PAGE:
Category: The Nature Conservancy

The Green Buzz: Monday, November 18

Written by | November 18th, 2013

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There’s a lot of green news to report on today, so let’s get started.

  1. The U.S. crushed its stockpiles of ivory on Friday in a message to wildlife criminals: Stop. (National Geographic)
  2. Deforestation is still a major problem around the globe as these crushing satellite photos show. (Grist)
  3. The world’s oldest creature was born shortly after Columbus discovered America (and was killed by the scientists studying it). (The Telegraph)
  4. A top UN official says to keep coal in the ground if we want to stop global warming. (New York Times)
  5. An Iowa Rep’s amendment to the Farm Bill could be the end of humane farming standards. (Huffington Post)

The Green Buzz: Thursday, November 14

Written by | November 14th, 2013

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Urban deer, SeaWorld to the rescue and what chickens want in today’s green news.

  1. Remove natural predators, decrease their natural habitat and what do you have? More urban deer…which means more urban hunters. (NPR)
  2. This video shows the rescue and rehabilitation of a dolphin returned to the wild by SeaWorld. (Florida Today)
  3. Turns out that hens want a veranda as part of their living conditions when given the choice…which they rarely are. (Guardian)
  4. $1 million reward for information that will help dismantle one of Asia’s largest wildlife trafficking syndicates. (New York Times)
  5. The power of the Prius not doing it for you? How about an electric pickup truck? (TreeHugger)

The Green Buzz: Wednesday, November 13

Written by | November 13th, 2013

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Today’s green news is filled with mysteries.

  1. Who killed the big red wolves? They’re aiming to find out in North Carolina. (Washington Post)
  2. A mysterious disease is turning sea stars into goo. (Live Science)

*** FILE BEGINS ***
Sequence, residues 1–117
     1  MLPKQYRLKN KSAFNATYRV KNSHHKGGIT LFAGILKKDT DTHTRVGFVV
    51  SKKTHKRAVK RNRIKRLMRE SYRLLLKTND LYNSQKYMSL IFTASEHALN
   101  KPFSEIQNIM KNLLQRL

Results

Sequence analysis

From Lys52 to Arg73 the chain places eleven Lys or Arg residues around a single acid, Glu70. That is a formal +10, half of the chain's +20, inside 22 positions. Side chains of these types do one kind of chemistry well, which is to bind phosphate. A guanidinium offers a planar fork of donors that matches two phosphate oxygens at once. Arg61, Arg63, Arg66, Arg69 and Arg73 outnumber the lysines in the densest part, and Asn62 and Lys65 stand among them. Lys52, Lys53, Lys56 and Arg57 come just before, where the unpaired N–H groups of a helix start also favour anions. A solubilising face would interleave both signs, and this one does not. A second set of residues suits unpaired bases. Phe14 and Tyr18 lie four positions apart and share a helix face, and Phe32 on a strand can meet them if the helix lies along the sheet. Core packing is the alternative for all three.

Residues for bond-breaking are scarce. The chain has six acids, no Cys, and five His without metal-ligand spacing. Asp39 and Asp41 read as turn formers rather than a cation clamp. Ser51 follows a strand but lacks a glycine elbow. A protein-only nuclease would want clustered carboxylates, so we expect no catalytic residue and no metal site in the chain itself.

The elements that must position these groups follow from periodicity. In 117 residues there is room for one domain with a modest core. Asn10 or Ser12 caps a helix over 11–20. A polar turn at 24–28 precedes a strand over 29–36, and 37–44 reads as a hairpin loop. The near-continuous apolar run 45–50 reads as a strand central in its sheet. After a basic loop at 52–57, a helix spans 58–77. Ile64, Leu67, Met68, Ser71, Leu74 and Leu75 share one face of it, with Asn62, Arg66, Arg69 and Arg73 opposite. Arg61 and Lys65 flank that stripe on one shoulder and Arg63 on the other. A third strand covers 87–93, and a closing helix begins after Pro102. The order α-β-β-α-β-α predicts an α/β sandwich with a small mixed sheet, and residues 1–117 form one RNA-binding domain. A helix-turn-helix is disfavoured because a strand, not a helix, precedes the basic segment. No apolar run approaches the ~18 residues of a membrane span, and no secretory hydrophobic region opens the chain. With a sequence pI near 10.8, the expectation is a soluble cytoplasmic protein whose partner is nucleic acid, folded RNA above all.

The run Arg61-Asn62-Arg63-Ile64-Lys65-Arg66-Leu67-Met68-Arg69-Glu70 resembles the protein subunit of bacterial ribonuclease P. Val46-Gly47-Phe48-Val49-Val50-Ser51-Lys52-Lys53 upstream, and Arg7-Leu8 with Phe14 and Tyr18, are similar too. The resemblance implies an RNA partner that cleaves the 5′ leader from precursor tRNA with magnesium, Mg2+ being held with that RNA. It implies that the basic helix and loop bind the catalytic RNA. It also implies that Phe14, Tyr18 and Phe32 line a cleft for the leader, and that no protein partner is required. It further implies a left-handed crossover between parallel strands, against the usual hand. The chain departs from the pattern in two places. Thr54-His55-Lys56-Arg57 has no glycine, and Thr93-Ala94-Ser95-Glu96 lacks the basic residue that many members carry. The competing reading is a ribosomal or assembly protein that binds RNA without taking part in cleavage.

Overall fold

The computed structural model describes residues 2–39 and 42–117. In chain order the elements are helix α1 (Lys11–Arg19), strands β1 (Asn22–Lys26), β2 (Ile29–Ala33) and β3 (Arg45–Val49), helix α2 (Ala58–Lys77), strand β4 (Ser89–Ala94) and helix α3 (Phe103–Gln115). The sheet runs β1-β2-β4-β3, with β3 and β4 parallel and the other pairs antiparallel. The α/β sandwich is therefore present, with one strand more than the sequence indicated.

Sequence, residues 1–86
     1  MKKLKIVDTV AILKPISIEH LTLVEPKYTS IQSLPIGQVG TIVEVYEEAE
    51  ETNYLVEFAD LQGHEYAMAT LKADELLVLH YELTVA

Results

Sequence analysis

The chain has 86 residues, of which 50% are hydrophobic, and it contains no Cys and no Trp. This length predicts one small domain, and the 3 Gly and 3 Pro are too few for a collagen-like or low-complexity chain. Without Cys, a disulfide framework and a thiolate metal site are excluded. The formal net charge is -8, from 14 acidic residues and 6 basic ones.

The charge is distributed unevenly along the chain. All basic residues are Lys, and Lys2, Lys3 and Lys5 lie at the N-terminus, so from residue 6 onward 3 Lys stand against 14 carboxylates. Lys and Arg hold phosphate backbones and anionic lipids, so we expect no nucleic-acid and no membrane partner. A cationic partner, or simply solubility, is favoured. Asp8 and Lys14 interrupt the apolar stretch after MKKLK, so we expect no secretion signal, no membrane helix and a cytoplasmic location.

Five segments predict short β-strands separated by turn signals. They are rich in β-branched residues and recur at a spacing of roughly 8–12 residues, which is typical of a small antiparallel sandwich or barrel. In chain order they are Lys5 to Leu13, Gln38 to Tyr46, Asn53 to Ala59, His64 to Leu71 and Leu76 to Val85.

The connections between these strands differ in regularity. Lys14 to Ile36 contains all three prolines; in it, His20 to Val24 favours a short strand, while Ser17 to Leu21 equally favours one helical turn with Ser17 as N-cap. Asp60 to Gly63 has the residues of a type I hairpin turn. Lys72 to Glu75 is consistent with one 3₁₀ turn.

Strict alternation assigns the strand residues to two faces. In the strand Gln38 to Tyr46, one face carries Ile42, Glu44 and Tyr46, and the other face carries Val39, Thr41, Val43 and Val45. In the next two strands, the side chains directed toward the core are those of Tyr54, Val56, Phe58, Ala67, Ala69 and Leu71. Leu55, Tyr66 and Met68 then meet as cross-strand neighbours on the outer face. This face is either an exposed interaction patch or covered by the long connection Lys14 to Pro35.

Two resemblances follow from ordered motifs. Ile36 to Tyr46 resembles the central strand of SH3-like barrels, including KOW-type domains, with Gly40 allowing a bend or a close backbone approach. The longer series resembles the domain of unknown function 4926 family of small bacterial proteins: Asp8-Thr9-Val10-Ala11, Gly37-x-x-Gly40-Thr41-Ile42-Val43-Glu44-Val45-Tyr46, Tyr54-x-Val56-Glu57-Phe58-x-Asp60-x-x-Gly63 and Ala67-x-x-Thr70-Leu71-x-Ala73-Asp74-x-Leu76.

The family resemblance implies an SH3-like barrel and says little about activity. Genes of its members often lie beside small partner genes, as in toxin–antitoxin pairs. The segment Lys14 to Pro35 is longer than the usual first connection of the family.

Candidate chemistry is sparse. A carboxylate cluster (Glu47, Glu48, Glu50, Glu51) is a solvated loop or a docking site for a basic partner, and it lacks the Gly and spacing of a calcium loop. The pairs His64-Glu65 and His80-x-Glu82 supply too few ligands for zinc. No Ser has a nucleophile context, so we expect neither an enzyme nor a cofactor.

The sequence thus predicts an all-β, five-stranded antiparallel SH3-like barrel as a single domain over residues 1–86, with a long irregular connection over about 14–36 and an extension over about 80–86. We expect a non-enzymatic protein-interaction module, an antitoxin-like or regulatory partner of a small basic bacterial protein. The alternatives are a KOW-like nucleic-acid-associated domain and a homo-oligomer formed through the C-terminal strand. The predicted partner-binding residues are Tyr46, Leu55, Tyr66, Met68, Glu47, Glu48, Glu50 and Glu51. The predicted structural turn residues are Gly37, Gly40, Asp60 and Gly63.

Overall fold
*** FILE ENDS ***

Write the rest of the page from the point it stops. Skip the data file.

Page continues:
3. In the battle against invasive species, these five seem to have won. (MNN)
  4. Sally Jewel, the new secretary of the Department of Interior, is sized up. (Outside Magazine)
  5. The oldest big cat fossil has been found in Asia, supporting the theory that they did not evolve in Africa. (BBC News)

The Green Buzz: Wednesday, November 6

Written by | November 6th, 2013

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Election results (and what they mean for the environment) in today’s green news.

  1. Could global warming 50 million years ago have caused mammal dwarfism? (Discovery News)
  2. Coal was dealt a blow on its own turf with the election of Virginia’s new governor. (Christian Science Monitor)
  3. What’s killing golden eagles in America? (BBC News)
  4. If we melt all the ice in the world, this is what Earth will look like. (TreeHugger)
  5. The United States is destroying its entire stockpile of ivory later this month. (New York Times)

The Green Buzz: Monday, November 4

Written by | November 4th, 2013

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In today’s green news: Some say it’s time to go nuclear.

  1. Top environmental scientists say going nuclear is the only way to save us from climate change. (CNN)
  2. Stereotypes about “environmentalists” can hamper green progress. (Grist)
  3. An environmental superpower? We like the sound of that. (TreeHugger)
  4. This poor guy was stuck under an escalator at Chicago’s O’Hare. Wonder where he came from? (Huffington Post)
  5. They say elephants never forget, and here’s more proof to that fact. (BBC News)

The Green Buzz: Thursday, October 31

Written by | October 31st, 2013